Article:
The tilted balance: Where are we now?

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The tilted balance: Where are we now?

Published 15 noviembre 2019

Paragraph 11 of the NPPF (2018) and the tilted balance: Where are we now? and Removal of use of section 73 to amend descriptions of development

  • Local authorities inability to demonstrate a 5 year housing supply is to be treated in the same way as out of date policies.
  • Just because one planning policy is out of date the tilted balance should not automatically apply
  • The tilted balance is always a material consideration if relevant and should be applied irrespective of whether it is expressly raised or not.
Applying Paragraph 11 NPPF

There is a presumption in favour of granting sustainable developments unless the application of policies gives a clear reason for refusing permission (11(d)(i) NPPF).

The wording of paragraph 11 remains unchanged. However in the recent judgment Monkhill Ltd v SSHCLG [2019] EWHC 1993 (Admin) the High Court considered it key that paragraph 11(d)(i) is read with the footnote 6 which lists relevant polices which, if applicable, remove the tilted balance.

Holgate J’s judgement includes a practical summary of the steps to follow in applying paragraph 11:

  • Apply rules of s.38(6) -any determination must be made in accordance with the development plan unless material considerations point otherwise;
  • If the application is in line with an up-to-date plan and no other considerations indicate otherwise, permission should be granted (para 11(c) of the NPPF);
  • If the above doesn’t apply, consider whether there are any relevant development plan policies and if so whether they are out of date (11(d) NPPF);
  • If this applies, look to whether any of the NPPF policies give a clear reason for refusing the proposal (11(d)(i) footnote 6). If so, permission should be refused (subject to s.38(6));
  • If this does not apply the decision taker should apply the titled balance (11(d)(i) footnote 7 and s.38(6)).

Footnote 7 makes it clear that policies are to be treated as out of date where a local authority cannot demonstrate a 5 year supply or meet the Housing Delivery Test. Paragraph 172 of the NPPF, which deals with the refusal of major development in certain areas such as AONB, also falls within the scope of paragraph 11(d)(i).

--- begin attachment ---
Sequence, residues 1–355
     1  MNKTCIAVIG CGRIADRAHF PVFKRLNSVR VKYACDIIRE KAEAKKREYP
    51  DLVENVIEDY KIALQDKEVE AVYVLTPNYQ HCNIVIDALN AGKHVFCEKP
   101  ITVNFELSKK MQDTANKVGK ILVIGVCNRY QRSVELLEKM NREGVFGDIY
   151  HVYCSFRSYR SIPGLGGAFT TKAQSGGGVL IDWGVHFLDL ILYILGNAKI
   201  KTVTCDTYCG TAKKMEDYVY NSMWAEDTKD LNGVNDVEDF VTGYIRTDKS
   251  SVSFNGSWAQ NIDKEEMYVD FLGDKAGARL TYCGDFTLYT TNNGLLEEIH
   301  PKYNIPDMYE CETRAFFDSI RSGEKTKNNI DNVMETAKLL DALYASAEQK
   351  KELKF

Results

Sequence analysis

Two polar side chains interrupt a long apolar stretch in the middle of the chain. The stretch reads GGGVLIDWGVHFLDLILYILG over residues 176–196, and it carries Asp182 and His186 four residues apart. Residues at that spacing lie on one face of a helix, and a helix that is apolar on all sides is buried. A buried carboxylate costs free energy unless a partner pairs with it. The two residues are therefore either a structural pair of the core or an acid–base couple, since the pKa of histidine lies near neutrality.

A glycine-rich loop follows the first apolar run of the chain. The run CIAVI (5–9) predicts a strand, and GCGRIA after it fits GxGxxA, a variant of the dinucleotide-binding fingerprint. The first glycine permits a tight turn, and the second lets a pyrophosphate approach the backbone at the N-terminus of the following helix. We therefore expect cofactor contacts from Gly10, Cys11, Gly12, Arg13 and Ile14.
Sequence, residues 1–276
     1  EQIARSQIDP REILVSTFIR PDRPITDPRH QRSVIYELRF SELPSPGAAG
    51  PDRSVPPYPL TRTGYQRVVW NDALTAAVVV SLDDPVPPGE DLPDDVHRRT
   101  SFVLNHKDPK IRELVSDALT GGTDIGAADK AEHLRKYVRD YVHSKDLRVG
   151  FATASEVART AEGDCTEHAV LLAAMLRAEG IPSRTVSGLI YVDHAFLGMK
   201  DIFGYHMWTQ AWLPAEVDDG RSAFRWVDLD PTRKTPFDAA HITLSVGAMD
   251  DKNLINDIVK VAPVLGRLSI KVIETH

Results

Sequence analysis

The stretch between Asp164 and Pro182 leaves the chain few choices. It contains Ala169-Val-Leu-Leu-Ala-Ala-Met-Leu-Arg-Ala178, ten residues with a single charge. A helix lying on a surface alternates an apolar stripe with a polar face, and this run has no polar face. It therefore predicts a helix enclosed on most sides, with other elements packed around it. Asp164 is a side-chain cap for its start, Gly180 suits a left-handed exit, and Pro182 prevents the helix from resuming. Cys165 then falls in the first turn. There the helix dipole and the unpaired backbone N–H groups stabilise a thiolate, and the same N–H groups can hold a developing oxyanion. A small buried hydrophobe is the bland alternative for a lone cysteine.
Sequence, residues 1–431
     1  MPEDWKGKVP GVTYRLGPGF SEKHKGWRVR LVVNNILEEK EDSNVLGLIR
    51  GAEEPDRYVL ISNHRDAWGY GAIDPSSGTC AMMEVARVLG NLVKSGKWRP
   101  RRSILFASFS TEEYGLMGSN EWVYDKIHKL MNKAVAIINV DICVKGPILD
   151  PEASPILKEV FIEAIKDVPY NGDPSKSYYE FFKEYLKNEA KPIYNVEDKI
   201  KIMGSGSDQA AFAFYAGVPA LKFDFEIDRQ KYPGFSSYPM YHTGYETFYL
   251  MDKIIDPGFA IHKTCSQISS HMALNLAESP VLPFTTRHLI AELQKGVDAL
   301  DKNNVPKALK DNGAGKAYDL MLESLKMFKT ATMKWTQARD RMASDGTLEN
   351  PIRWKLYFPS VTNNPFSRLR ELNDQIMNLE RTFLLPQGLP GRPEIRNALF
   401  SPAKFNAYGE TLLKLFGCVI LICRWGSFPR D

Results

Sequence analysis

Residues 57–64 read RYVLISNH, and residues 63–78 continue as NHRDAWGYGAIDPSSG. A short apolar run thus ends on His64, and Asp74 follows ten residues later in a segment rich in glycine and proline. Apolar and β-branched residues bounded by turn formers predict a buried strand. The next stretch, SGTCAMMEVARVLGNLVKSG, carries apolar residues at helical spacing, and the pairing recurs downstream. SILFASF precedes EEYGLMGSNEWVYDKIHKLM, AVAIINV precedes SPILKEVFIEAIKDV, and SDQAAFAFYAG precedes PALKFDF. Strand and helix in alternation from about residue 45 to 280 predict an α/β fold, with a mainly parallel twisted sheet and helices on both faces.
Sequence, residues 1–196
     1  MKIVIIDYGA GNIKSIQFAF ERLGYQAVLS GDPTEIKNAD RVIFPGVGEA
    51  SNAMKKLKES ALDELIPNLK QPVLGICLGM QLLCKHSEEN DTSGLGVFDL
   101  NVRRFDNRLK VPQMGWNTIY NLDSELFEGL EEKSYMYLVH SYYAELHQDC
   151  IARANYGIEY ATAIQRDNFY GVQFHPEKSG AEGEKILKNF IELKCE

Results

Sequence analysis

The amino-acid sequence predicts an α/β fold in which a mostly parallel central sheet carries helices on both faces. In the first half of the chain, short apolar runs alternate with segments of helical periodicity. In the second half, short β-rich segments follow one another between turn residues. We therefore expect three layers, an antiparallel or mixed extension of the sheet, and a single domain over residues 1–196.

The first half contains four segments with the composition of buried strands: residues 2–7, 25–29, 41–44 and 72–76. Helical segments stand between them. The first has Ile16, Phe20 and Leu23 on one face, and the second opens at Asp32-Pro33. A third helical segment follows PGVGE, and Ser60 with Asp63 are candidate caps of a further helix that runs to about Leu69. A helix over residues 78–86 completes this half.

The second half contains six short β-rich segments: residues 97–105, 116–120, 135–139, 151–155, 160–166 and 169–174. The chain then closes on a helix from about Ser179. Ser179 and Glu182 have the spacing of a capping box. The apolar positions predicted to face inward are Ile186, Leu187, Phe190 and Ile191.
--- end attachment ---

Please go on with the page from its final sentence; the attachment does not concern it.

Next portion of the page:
Out of Date Policies

It does not follow automatically that just because one of the policies for determining an application is out of date, the tilted balance must be applied and permission granted.

The NPPF does not specifically determine whether the titled balance applies when ‘one of’ or ‘any of’ the most important policies are out of date. However Wavendon Properties Ltd v SSHCLG [2019] EWHC 1524 (Admin) has made it clear that the most important policies should be viewed together and an overall judgement made whether the policies as a whole are out of date.

Material Consideration

The Court found that the tilted balance is so fundamental that it should be applied irrespective of whether submissions are made in favour of its application during an appeal. As a fundamental requirement it should be given express consideration (Green Lane Chertsey (Developments) Limited v SSHCLG [2019] EWHC 990 (Admin)).

The application of paragraph 11 is clarified by the step by step guide from Monkhill. Such judgements provide a more certain approach by the courts of such issues, easing understanding and application by both the courts and local authorities.

Removal of use of section 73 to amend descriptions of development

Section 73

The Court of Appeal has recently overturned the decision in Finney holding that section 73 cannot be used to amend the description of development (John Leslie Finney v (1) Welsh Ministers (2) Carmarthenshire County Council and (3) Energie Kontor (UK) [2019] EWCA Civ 1868).

In doing so, the Court of Appeal has effectively closed the ability that R (Wet Finishing Works Ltd) v Taunton Deane Borough Council [2017] EWHC 1837 had provided developers with, to increase the amount of development permitted, where the description, rather than a condition, limited the quantum.

The Couth of Appeal did suggest that developers could instead use s.96A to amend the description of development. However, it seems unlikely that planning authorities will agree to treat an increase in development as set out in the description of development as a non-material minor amendment. In these case a fresh application will therefore be required for further information on the implications of the Finney decision please see


Jennifer Glasgow

Jennifer Glasgow


+44 (0) 117 918 2565

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